Physical attacks on cash machines: why an armour isn’t enough

17 June 2019
Press Release
Press Release/News
New report calls for renewed attention to ATM physical security

Whether it is explosive gas attacks, the use of cutting tools to breach the automated teller machine (ATM) or ram attacks that aim to physical remove the entire ATM, criminals are willing to use extreme measures to capture the prized loot.

According to the latest figures from the European Association for Secure Transactions, reporting countries saw a 27% increase in ATM physical attacks in 2018, costing the economy over €36 million in Europe in 2018 alone.

With the number of physical attacks on the rise – and the potential to lose tens of thousands of euros in just a few moments if they are successful – it is not something an operator can afford to take lightly.

In a paper published today, Europol and the European Crime Prevention Network (EUCPN) call for a three – step strategy to combat and prevent this crime: reduce the rewards, increase the risk and increase the effort.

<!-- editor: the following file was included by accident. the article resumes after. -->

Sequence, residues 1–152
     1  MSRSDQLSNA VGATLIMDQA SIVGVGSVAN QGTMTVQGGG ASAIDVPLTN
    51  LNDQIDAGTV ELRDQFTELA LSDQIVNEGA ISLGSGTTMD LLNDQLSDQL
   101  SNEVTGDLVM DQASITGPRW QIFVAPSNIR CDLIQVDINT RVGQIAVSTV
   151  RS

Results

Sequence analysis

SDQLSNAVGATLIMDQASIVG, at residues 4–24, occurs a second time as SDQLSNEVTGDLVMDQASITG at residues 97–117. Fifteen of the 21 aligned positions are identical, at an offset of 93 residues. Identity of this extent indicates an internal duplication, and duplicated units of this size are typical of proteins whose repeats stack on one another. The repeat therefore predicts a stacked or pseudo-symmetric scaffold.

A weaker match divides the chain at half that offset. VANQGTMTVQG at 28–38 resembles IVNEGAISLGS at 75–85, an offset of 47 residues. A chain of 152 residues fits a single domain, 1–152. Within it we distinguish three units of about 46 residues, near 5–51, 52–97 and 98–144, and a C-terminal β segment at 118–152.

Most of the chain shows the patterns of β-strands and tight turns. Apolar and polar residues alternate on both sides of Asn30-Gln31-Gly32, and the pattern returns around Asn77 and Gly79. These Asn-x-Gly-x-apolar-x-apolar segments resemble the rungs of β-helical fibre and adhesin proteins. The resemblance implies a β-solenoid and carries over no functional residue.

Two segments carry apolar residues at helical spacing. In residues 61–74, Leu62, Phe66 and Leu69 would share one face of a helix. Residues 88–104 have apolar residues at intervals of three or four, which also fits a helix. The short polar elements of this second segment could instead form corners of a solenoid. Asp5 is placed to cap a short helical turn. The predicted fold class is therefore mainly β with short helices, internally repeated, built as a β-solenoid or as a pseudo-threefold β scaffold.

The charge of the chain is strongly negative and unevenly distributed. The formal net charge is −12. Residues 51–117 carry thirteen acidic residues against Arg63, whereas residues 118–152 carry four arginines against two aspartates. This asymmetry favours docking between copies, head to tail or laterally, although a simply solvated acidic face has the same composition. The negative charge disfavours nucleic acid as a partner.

While one approach to the problem of physical attacks is to harden the security of ATMs, making it more demanding for offenders to attack such machines, another way to prevent this crime is to spoil the criminals’ loot, reducing their desire to engage in this type of crime.

Such measures include lowering the amount of cash in ATMs by limiting the replenished cash to that sufficient for one day, or making the money traceable by staining the stolen notes, making it impossible for criminals to spend this money.

Parallel measures aimed at increasing the detection and punishment should complete the preventive strategy. The information gathering and sharing between all relevant stakeholders is key, as is the exchange of high-quality CCTV images and sound data to increase the chances of early detection and successful investigations.

Such measures should be adopted at the European level in order to avoid that strong measures in one country drive organised crime groups towards more vulnerable countries.

These are some of the findings of today’s report, summarising the conclusions of a conference organised earlier this year by the EUCPN and Europol which brought together law enforcement together with public and private partners together to look at the prevention of this crime.

More details can be found in the report itself: PREVENTING PHYSICAL ATM ATTACKS